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Nicolas Gill: “When you go to the opening ceremony it really hits you that you’re at the Olympic Games”

29 Jun 2017
Athens 2004, Judo, Olympic News, Canada
Canadian judoka Nicolas Gill competed in the Olympic Games in 1992, 1996, 2000 and 2004, winning bronze in 1992 and silver in 2000. He was flag-bearer for his nation in 2004. Now CEO and High Performance Director of Judo Canada, he also served as national coach to the Canadian judo team at the 2008, 2012 and 2016 Olympic Game.

Barcelona 1992 was my first Olympic Games and my memories from the Opening Ceremony are some of the best of my entire Olympic experience. I was only 18 and it was just incredible. I still remember it really well even though it was 25 years ago and it stands out in my career as a very, very special moment. The first step in the stadium was, for me, absolutely amazing and it was the result of so many years of training and so many years of thinking of that moment. For me, it really marked the accomplishment of making it to the Olympic Games and that moment was as good as I ever imagined it would be.


The Opening Ceremony was when it started to become real for me. The event itself is spectacular and Barcelona did a great job in making the experience particularly special. When you arrive in the Athletes Village and begin training it’s great, but it’s when you go to the opening ceremony that it really hits you that you’re at the Olympic Games. And the Opening Cceremony is the first time that you see a crowd- it wasn’t as big back then as it is now but still, it seemed pretty big to me. There’s television cameras and media everywhere and the opening ceremony is when people back home begin to take notice of the Olympic Games so all of those factors combine to make it a really special moment. At the opening ceremony, you really begin to feel that the focus of the entire world is on the Games which is a strange feeling.


In Sydney, in 2000, the Opening Ceremony was fantastic but I can’t remember too much about the Ceremony itself. It was strange- even though it was only my second opening ceremony, I felt a lot more blasé about it and I wasn’t nearly as hyped-up for it as I had been for my first Opening Ceremony in Barcelona. The Closing Ceremony in 2000 was probably my favourite Closing Ceremony because I was going there as a silver medallist and that was an unbelievable feeling.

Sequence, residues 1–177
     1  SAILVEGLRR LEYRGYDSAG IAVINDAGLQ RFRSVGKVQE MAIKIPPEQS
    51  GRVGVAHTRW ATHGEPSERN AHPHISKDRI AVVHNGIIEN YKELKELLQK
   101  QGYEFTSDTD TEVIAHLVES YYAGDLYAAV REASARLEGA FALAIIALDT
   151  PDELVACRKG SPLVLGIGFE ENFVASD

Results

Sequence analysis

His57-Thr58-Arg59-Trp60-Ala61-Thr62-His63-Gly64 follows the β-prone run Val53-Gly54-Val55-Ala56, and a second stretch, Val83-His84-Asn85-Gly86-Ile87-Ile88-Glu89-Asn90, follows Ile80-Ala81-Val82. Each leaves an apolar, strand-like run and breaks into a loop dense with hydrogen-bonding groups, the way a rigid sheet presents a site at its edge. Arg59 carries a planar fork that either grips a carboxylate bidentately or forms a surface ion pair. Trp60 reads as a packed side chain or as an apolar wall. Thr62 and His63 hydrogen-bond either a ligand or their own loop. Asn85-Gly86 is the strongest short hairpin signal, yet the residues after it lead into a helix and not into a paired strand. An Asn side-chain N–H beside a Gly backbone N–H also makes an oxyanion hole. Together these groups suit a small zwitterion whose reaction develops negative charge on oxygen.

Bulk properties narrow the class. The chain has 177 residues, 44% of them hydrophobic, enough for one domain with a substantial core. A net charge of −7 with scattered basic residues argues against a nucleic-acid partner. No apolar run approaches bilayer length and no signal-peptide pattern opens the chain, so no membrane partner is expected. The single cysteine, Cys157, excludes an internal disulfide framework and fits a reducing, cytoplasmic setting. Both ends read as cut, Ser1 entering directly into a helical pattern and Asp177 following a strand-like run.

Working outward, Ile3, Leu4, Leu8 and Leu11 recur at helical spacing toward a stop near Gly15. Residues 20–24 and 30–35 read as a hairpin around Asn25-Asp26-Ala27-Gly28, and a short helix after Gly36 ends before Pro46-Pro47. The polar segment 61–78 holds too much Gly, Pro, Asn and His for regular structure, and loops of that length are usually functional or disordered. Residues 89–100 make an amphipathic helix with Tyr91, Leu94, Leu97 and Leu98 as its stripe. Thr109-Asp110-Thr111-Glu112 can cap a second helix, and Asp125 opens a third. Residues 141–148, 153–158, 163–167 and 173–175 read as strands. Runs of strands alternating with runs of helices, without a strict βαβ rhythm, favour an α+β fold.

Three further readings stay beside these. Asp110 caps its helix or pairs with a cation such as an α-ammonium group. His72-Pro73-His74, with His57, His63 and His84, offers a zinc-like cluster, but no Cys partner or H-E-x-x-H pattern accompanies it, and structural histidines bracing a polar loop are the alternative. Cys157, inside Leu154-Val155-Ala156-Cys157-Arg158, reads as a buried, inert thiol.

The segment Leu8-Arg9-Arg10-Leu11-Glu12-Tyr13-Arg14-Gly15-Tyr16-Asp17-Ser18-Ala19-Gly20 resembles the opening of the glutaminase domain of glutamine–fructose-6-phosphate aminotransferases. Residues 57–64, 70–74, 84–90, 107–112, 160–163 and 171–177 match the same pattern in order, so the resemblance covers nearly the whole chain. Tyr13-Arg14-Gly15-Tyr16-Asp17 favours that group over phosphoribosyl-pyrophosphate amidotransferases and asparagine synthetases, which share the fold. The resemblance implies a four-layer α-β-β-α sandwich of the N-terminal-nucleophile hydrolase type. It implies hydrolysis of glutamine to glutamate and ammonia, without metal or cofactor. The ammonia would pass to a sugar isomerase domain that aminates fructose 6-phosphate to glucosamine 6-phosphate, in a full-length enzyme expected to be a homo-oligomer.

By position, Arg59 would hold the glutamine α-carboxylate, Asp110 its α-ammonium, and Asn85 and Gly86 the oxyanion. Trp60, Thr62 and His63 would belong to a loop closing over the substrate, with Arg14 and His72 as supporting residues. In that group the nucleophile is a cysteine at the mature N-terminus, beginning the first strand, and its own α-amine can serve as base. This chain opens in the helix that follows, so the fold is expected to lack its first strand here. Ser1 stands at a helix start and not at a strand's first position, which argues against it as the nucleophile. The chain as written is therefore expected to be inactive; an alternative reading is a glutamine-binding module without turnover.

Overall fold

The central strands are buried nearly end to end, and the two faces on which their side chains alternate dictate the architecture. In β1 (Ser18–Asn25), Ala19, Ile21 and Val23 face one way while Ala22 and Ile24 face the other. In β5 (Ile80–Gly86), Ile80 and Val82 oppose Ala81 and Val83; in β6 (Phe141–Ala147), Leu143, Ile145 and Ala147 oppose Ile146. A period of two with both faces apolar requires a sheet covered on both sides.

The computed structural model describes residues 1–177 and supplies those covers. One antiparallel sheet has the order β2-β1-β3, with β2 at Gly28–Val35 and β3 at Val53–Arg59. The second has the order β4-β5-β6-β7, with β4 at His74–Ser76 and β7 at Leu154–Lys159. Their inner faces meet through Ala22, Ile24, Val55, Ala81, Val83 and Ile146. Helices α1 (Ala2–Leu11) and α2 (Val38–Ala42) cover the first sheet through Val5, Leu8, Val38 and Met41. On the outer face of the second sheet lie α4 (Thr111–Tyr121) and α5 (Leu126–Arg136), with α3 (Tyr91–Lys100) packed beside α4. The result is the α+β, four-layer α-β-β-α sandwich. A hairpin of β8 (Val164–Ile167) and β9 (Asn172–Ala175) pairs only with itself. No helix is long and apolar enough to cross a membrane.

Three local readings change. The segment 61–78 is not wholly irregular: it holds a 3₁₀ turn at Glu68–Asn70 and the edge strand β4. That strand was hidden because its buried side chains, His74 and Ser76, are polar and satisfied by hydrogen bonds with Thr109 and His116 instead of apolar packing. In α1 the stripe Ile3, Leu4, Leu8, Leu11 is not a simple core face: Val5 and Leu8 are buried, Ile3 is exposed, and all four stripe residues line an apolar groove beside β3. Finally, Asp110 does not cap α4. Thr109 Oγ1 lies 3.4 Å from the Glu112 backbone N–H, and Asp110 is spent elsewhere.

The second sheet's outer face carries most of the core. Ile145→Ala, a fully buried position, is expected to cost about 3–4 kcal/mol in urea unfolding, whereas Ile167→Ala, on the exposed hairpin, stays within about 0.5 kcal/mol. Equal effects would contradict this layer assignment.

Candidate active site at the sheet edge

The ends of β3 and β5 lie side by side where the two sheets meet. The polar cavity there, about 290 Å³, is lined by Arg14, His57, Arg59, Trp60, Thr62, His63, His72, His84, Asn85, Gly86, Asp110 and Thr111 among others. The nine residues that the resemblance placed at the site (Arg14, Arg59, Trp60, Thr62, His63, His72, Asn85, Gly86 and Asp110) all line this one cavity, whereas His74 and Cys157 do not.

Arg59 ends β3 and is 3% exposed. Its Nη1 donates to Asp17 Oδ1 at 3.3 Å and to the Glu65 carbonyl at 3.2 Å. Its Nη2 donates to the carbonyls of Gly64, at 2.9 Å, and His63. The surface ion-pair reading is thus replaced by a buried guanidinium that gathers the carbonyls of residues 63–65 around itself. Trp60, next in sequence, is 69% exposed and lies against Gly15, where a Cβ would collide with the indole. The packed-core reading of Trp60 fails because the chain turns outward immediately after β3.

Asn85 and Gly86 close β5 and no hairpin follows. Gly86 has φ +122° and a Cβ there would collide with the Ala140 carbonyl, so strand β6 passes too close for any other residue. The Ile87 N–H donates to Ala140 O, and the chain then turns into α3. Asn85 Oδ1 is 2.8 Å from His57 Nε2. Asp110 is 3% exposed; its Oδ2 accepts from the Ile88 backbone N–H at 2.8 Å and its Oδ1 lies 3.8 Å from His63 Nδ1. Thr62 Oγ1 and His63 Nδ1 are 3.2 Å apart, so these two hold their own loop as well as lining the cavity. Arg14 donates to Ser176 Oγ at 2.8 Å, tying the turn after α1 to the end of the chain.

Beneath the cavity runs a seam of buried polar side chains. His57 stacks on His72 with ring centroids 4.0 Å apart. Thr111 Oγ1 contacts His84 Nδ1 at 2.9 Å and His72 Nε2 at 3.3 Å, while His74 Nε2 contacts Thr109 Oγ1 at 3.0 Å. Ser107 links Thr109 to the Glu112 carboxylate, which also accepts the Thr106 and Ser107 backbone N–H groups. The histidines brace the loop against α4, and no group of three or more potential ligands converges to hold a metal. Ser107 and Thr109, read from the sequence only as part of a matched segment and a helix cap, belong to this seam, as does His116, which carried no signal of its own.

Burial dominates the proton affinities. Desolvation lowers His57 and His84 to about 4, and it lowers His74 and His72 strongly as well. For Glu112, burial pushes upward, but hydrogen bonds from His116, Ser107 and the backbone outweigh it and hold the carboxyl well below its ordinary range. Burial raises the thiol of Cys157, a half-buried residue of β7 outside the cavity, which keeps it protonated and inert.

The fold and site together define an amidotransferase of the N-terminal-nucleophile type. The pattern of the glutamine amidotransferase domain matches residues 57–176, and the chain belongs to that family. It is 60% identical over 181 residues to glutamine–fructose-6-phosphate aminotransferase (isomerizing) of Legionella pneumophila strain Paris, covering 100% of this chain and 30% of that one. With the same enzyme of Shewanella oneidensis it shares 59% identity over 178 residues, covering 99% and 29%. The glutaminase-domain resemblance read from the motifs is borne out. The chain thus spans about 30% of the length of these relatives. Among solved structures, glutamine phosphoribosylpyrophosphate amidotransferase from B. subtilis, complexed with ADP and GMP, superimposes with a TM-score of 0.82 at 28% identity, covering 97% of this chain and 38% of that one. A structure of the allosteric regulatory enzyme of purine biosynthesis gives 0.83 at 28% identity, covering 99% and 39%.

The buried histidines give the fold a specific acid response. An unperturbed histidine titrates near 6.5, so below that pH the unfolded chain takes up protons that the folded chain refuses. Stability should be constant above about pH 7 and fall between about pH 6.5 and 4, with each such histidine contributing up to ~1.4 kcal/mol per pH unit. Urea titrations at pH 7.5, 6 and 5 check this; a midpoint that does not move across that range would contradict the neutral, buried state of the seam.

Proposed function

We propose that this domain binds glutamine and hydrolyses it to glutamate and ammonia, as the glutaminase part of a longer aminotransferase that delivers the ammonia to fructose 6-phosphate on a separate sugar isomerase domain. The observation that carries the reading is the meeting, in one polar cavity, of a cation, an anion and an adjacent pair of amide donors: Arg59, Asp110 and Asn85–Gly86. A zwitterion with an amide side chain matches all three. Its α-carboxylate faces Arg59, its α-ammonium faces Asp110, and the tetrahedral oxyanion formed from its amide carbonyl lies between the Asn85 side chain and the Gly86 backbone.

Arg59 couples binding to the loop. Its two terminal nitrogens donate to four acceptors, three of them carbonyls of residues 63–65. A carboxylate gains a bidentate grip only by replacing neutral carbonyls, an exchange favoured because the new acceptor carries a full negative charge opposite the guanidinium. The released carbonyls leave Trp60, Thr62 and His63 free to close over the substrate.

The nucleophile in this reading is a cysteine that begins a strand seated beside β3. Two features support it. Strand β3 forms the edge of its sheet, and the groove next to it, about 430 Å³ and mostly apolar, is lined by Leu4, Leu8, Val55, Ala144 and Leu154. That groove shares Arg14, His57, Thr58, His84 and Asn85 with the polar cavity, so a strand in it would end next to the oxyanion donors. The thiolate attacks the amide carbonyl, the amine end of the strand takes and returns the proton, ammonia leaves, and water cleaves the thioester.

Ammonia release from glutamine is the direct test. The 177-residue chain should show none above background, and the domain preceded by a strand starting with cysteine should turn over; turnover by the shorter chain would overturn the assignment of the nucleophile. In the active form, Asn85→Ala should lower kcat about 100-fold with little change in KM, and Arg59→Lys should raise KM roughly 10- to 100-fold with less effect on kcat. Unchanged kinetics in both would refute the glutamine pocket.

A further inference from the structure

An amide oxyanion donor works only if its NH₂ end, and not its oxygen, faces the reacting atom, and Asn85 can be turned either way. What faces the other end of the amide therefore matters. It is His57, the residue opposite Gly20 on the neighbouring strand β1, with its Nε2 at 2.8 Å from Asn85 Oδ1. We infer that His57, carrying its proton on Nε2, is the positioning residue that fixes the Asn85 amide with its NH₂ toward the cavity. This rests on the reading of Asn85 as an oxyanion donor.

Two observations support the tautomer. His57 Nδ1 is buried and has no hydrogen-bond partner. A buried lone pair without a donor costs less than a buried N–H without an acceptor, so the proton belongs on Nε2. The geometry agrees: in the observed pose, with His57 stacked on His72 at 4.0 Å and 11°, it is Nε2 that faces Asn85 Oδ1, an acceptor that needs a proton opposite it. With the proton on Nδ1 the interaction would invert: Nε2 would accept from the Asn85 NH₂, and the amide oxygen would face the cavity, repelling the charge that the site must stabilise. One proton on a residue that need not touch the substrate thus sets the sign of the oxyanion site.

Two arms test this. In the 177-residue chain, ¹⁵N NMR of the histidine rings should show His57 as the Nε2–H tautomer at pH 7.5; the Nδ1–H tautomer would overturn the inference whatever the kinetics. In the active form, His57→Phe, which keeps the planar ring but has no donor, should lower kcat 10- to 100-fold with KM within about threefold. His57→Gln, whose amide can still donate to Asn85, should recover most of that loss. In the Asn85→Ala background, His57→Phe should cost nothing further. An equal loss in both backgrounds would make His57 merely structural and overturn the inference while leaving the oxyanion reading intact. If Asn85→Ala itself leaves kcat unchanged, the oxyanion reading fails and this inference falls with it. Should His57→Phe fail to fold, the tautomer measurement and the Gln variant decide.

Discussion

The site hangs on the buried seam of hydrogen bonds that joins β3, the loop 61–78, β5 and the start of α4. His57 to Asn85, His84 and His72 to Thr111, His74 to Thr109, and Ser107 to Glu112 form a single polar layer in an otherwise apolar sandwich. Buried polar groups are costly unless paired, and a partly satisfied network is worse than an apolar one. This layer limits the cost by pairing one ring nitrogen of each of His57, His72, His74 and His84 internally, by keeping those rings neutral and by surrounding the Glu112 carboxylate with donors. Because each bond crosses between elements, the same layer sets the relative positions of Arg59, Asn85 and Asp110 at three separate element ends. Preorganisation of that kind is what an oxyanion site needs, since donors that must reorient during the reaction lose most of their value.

In Athens, in 2004, I was selected as the flag-bearer for Canada at the Opening Ceremony and that was amazing. I was so surprised when it was announced that it was me - Canada has so many good athletes so I really hadn’t expected it all. To be carrying the flag and to lead all of the Canadian athletes into the stadium was just an incredible honour. That was, I think, an even more amazing feeling for me than the feeling I experienced at my first Olympics in Barcelona. Even though I was old and it was my fourth Games, being flag-bearer took things to another level for me.


For me to be selected as flag-bearer was also a really big thing for the sport of judo. In Canada, judo is not one of the biggest sports and there’s not often too much media attention on it; it’s not like track and field or anything like that and that’s what made my nomination even more surprising, I had expected someone from a bigger sport to be chosen. So me being selected as flag-bearer brought some great attention to judo.

I was fairly sure that the Athens Olympic would be my last Olympic Games as an athlete and so I knew the Closing Ceremony in 2004 would probably be my last experience of the Olympics as a competitor. But actually, I didn’t feel too emotional at that prospect. I had thought that 2000 could possibly be my last Olympics, so being at the Athens Games felt like something of a bonus to me.

I went to the Games in 2008, 2012 and 2016 as a coach with the national team but I didn’t go to the Opening or Closing Ceremonies at any of those Games. I felt like I had been to so many Games already that I should give the opportunity to some of the other staff to go to the ceremonies. It’s such a fantastic thing to be a part of that I wanted them to experience it as well; I’d been a part of the ceremonies several times and so to give others to get the chance to go for the first time was, I think, the right thing to do.

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